Worldly but weary Mae Doyle (Barbara Stanwyck) returns home to a small fishing village after a ten year absence and reunites with her younger brother Joe (Keith Andes), who works for Jerry (Paul Douglas), the skipper of a trawler who lives alone with his elderly father. Mae admits defeat in having had “big ideas,” but “small results” and laments about having made a mistake by becoming involved with an older man who turned out to be married. Joe introduces Mae to his girlfriend, Peggy (Monroe), who works at the local sardine cannery. Peggy admires Mae’s sophistication and confides her own longing for excitement, as Mae had in youth, and desire not to be controlled by a man. When Peggy asks what brought Mae back home, Mae responds, “Home is where you come when you run out of places.”
Hungry to depart from the roles of secretaries and showgirls at her home studio, 20th Century Fox, Monroe campaigned for producer Jerry Wald to cast her in the relatively important supporting role in Lang’s adaption of Clifford Odets’ play with veteran actors. Originally performed in 1941 as a neo-realist Broadway play with Tallulah Bankhead in the starring role, Clash By Night’s plot involved a restless, disillusioned woman’s struggle between settling for the love of a stable but dull fisherman and risking all for a sexual thrill with an embittered film projectionist (Robert Ryan).
Wald took one look at Monroe at of her seated across from him at the table at Lucy’s on Melrose Boulevard and thought she looked about sixteen. After the meal, he contacted Lew Schreiber at Fox and requested a loan of Monroe for six weeks of work at RKO. Schreiber demanded a mere three thousand dollars.
Monroe’s role, Peggy, is a vigorous girl engaged to the heroine’s brother and who worked in a sardine cannery. She is warm, compassionate, and struggles with accepting the subordinate role of a 1950s wife. Wald wanted a younger actress with sex appeal to attract a teen audience since the film’s principals were established, middle-aged stars.
Fast-talking Barbara Stanwyck portrayed strong, self-assured, no-nonsense dames with a tinge of vulnerability in both comedies and dramas. She equally excelled as a femme fatale in the wacky The Lady Eve (1941), the selfless mother in the tearjerker Stella Dallas (1937), and as a murderous vixen in Double Indemnity (1944). Stanwyck was the obvious first choice for the role of hard-boiled Mae Doyle.
Paul Douglas transitioned from stage to films in 1949 and made two baseball comedy movies, It Happens Every Spring (1949) and Angels in the Outfield (1951). Although he was effective as tough guys in Panic in the Streets and Born Yesterday, Douglas could play vulnerable and awkward men like lonely fisherman Jerry D’Amato.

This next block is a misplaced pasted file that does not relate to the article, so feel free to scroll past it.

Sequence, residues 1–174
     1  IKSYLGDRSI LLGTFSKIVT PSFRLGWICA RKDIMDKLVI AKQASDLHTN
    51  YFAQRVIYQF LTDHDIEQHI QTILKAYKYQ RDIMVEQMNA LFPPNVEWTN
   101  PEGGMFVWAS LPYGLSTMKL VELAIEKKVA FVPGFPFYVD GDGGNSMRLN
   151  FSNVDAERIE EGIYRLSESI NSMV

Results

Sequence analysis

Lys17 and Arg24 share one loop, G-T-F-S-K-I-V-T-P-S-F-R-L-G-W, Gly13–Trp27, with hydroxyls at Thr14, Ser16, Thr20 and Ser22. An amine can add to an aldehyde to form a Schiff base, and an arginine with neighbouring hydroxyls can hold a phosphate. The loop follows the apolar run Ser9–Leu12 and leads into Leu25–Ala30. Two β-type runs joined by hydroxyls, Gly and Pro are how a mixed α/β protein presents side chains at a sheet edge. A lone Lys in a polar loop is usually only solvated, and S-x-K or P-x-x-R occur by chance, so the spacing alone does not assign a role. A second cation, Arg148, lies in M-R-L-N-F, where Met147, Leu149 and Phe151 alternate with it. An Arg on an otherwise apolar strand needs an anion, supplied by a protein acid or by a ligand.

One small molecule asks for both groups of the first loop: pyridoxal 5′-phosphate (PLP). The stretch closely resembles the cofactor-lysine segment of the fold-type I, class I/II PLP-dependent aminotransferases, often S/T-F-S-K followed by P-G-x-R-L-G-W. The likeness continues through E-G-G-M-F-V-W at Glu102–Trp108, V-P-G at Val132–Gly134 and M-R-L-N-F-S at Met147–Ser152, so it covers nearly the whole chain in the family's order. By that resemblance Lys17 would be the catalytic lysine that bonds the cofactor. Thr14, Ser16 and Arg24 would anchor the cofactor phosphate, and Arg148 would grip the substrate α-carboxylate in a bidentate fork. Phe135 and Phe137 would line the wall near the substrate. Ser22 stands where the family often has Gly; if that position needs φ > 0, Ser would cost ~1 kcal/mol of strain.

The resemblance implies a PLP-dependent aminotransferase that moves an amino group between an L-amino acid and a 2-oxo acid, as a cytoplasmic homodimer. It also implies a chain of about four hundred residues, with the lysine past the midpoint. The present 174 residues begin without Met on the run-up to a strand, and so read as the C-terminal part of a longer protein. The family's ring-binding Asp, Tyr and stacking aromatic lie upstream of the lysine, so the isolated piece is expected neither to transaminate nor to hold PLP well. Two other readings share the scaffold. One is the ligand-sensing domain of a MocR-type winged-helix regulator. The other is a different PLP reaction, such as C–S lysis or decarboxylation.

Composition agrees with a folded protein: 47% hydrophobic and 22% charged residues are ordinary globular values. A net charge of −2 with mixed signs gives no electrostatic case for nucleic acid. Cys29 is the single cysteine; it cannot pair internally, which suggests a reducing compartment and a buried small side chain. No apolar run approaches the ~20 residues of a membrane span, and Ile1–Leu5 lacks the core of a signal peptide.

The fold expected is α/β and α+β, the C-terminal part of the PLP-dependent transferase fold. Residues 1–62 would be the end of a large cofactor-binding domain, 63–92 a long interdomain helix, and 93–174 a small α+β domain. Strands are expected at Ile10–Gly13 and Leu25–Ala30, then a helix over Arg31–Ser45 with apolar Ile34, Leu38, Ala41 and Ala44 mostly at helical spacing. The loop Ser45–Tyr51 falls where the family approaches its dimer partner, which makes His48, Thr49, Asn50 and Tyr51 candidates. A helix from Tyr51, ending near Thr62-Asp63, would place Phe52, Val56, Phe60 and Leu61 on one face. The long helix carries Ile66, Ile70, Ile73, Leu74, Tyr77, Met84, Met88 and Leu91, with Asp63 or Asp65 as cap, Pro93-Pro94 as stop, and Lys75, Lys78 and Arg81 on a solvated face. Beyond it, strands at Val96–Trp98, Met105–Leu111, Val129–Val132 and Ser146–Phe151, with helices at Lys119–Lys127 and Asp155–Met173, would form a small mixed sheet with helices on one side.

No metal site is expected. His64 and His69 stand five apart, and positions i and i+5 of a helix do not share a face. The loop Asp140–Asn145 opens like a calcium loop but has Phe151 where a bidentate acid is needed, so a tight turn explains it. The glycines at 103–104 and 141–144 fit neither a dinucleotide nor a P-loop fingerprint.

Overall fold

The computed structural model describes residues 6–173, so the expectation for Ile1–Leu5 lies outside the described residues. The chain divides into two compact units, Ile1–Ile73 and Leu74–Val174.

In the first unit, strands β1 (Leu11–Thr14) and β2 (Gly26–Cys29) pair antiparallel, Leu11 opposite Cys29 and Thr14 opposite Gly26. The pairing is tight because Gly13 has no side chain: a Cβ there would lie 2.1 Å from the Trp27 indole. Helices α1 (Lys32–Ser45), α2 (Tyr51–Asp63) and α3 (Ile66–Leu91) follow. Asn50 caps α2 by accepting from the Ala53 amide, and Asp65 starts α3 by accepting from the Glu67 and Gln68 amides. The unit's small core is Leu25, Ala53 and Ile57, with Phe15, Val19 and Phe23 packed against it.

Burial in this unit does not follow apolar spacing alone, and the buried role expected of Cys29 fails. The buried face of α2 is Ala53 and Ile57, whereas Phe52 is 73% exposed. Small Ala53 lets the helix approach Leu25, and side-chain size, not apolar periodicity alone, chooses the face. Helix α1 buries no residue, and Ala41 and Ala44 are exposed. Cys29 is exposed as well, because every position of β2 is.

In the role of Earl Pfeiffer, the cad who betrays his best friend by sleeping with his wife, Robert Ryan had a solid career playing hyper-masculine cops and cold-blooded villains. Having served in the Marines as a drill sergeant and won a boxing championship, Ryan’s brand of toughness suited both film noir and western genres. He garnered good reviews as an anti-Semitic bully in Crossfire (1947) and as a declining boxer who refuses to take a fall in The Set-Up (1949).
Clash By Night also introduces newcomer Keith Andes as Monroe’s love interest. He remembered her attracting local and media attention while on location in Monterey. Servicemen from a nearby military base flocked around her, along with reporters and photographers. Paul Douglas complained about Monroe stealing the spotlight. “She’s younger and more beautiful than any of us,” Stanwyck matter-of-factly explained.
Director Fritz Lang originated from the German school of Expressionism and was dubbed the “Master of Darkness.” His most famous works were the groundbreaking German films Metropolis (1927) and M (1931) before he immigrated to the United States. Lang graciously permitted Monroe’s acting coach, Natasha Lytess, on the set under the condition Lytess refrain from coaching Monroe at home; he wanted his supporting actress pliable to his direction. Monroe was so terrified of Lang’s direction before a scene, allegedly her skin broke out in red blotches and she vomited.
To prepare for the role, Monroe rode a Greyhound bus all through the night three hundred miles north to Monterey, where she spoke with boat owners and cannery workers before filming at a cannery. Journals auctioned after her death revealed her notes and impressions of the Italian and Greek fishermen.